Playing pitchman today... but I only do this for companies whose product may make your lives better and/or send me free schwag. Today's product: Airdrives stereo earphones.
Drive-by review: They're earphones which don't block out the universe, meaning they're intended to be safer for things like Cycling. I strongly suspect they are a vast improvement (over a very low bar) for Cycling, and probably ideal for running.
Details on the flip.
- I don't want to become a pitchman, but everything in moderation, provided it's something our readers might like... shades of the Podium Club here.
- I'm not a headphones on the bike guy. Not that it isn't fun; it is. But my rides, while mostly enjoyable, have just enough intersection with hurtling metal masses for me not to want to bother. Also, I have a 2002 iPod, which for a while was extremely cool, but now mostly sits idle (somehow still draining the battery).
W/o more ado...
Headphones or earphones or earplugs, whatever you want to call them, can be judged on three basic elements: sound quality, comfort, and for outdoor use you can add safety. Here's how the Airdrives stack up on those elements.
- Sound Quality
I'm not an expert on the options here, so I'll say that they sound quite good to me and leave it at that. They're competing against plugs that block all other sound, which in some situations (sitting on a plane?) is a good thing. But I'm blasting some techno in them for the moment (Too Distant Images, by THX/Theorem)and there's no distortion, just nice clean sound.
Surprisingly high marks here, though the industry sets a pretty low bar. The device hooks around your ear and places the small, flat speaker in line with the ear canal. Nothing goes in the ear itself, which IMHO eliminates 98% of the annoyance right there. The hooks seem OK for now, and while I don't know how they'd feel in three hours, can this possibly be worse than plugs shoved in my ear? They also seem to stay in place, which is also surprising. Wearing a hat or headband might seal the deal, but I'm not sure you need one, at least until you've worn them in.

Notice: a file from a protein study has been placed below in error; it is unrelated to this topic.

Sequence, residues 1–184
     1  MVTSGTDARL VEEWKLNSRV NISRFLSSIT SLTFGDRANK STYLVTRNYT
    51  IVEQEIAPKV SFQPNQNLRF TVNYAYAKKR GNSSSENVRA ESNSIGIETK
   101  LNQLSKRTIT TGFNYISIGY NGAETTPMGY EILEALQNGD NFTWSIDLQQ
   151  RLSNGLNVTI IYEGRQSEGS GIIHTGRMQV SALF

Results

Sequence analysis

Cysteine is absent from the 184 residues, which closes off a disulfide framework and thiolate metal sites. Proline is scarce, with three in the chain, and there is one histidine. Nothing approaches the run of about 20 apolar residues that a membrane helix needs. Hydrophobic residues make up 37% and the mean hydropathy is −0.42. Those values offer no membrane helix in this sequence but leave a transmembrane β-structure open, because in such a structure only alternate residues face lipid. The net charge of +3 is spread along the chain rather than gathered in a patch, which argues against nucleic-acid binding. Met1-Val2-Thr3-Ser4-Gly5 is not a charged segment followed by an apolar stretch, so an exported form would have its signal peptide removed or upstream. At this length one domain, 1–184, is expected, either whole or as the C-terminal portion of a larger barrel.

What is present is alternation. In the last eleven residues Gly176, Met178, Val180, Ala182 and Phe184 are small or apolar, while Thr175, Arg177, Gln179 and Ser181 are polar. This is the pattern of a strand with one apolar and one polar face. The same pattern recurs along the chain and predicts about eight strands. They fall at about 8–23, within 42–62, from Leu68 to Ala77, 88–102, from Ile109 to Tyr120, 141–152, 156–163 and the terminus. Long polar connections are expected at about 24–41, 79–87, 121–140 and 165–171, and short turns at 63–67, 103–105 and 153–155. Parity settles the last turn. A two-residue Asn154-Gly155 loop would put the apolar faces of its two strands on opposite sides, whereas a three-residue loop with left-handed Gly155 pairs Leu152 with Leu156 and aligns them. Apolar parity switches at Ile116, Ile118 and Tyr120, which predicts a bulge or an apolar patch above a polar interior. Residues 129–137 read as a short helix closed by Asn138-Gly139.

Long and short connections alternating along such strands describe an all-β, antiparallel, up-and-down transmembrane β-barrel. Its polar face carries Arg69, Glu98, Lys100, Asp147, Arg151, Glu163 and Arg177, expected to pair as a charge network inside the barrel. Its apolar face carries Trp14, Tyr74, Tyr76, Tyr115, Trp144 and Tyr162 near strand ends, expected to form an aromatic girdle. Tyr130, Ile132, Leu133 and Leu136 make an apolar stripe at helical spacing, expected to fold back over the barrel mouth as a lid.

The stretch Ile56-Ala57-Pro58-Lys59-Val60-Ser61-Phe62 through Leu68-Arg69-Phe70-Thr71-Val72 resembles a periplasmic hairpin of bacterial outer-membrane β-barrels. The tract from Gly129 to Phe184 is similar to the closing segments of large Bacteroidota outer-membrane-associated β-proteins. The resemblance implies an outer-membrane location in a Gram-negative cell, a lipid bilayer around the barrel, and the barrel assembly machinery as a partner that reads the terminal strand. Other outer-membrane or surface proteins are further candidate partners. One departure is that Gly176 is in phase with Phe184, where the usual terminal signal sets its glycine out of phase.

I don't feel like paying anybody's medical bills, so I'm not going to pronounce them Officially Podium-Cafe-Approved Safe! Everybody's hearing, bike handling, attention spans and traffic dangers are different, so you'll have to decide for yourselves. But from what I gather, their purpose was to create an earphone that was less dangerous than the standard (again, an absurdly low bar), and to do that they place the speaker outside the ear. Like your car stereo, the speaker competes for your ear's attention with other noise instead of taking over your head. Like your car stereo, if you blast it you probably still won't hear oncoming traffic... but the potential to bike safely and listen to music is there. If this isn't a guarantee of safety, it at least has to represent an improvement. Also, the manufacturers seem to think that having sound from outside the ear is better on your hearing, which is why they're marketing a second device to kids. Smart idea, though from a glance I have no way of knowing if it really helps. Future generations will undoubtedly let us know, at least in writing.
I definitely like the product. Being paranoid, I'm still not likely to start wearing headphones on my daily weave through traffic, but I can foresee some workouts when I'd use them on the bike, something I have done before on closed or very mellow roads. If you bike to tunes, either thanks to or in spite of your local road conditions, these devices definitely get over the low bar of earplugs. They might even be a huge improvement.
What they seem perfect for is running (attention NancyT and other triathletes!). Just a little hearing beyond the plugs/deaf scenario should take care of the lesser danger factor runners face. Also, running without music is excruciating, a complete non-starter, so the Airdrives are a definite step up.
Retail price is apparently $99.99, or $69.99 for the kids' version.